Water spitting out of head instead of coming in a nice even stream?

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Katrinagrace__

#1: Post by Katrinagrace__ »

I've recently purchased an old Astoria, cleaned it up and got it running. The espresso still hasn't been great, and I think it could be due to the boiler pressure. My gauge wasn't working, so I replaced it and the new one continued to not work. I still made my espresso but now the water has been spitting out in a not very pleasant way instead of in a nice smooth stream. Is this due to boiler pressure or some other problem? Anybody have an idea of where I could head?
Note: I've backflushed with cafiza a couple times and that doesn't seem to affect it

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truemagellen

#2: Post by truemagellen »

You are probably missing the shower screen diffuser/holder and/or shower screen. There are also gaskets you need for these components. Once you have that make sure to do a flush before pulling the shot as you likely have a heat exchanger machine but maybe not.

Not sure what unit you have but does not appear to be an E61 Astoria. So here is a likely diagram of the components:

Katrinagrace__ (original poster)

#3: Post by Katrinagrace__ (original poster) »


I have all the right components, I had taken them off because I wanted to clean them good and see if that was the problem or if it was doing that farther up, and it was. It is a heat exchanger, and I do normally flush it before I pull a shot but it still continues the weak spitting stream

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truemagellen

#4: Post by truemagellen »

Katrinagrace__ wrote:I have all the right components, I had taken them off because I wanted to clean them good and see if that was the problem or if it was doing that farther up, and it was. It is a heat exchanger, and I do normally flush it before I pull a shot but it still continues the weak spitting stream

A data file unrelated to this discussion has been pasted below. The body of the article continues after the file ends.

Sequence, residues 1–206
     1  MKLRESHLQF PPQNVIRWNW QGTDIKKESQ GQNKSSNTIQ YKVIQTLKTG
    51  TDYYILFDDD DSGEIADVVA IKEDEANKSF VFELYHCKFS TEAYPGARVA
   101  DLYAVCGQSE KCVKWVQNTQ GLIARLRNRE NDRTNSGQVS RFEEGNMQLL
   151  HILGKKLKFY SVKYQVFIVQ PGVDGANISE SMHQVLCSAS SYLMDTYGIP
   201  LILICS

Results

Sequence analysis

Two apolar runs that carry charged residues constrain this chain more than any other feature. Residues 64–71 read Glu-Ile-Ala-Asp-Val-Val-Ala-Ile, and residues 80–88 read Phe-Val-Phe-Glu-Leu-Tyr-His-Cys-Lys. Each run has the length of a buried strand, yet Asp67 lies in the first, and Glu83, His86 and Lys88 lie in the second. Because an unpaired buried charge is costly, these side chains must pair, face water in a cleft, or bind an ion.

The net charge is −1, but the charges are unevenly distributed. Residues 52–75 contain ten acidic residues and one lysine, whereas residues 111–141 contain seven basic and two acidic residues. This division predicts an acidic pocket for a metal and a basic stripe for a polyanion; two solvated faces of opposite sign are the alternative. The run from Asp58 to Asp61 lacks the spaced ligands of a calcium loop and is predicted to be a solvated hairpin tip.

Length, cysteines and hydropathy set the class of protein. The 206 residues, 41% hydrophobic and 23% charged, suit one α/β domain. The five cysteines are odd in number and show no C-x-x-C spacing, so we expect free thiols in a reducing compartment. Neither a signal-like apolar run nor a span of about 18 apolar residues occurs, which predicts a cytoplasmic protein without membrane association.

what bar do you have the pressure at for the boiler? it could be running high and then you would need a 10 second flush to tame the 'water dance' as they call it.

This is Dan on the forums showing a flush routine.
I will say as the owner of multiple commercial groups (ie Rancilio Classe/DE/etc) that given the boiler size if your pstat is too high the flush could be significantly longer than in the video. I run two group machines at the low end of the recommended Bar when running the machine in a residential setting.

Nunas
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#5: Post by Nunas »

the water has been spitting out in a not very pleasant way instead of in a nice smooth stream. Is this due to boiler pressure or some other problem?
I don't have an Astoria, but can offer some generic advice (sorry if you already know this...don't mean to be talking down to you). HX machines do not rely on boiler pressure to produce brew water. They use a pump, either vibratory or rotary, to force water from the reservoir, through a small heat exchanger pipe inside the boiler to heat the brew water (but which is totally isolated from the boiler water).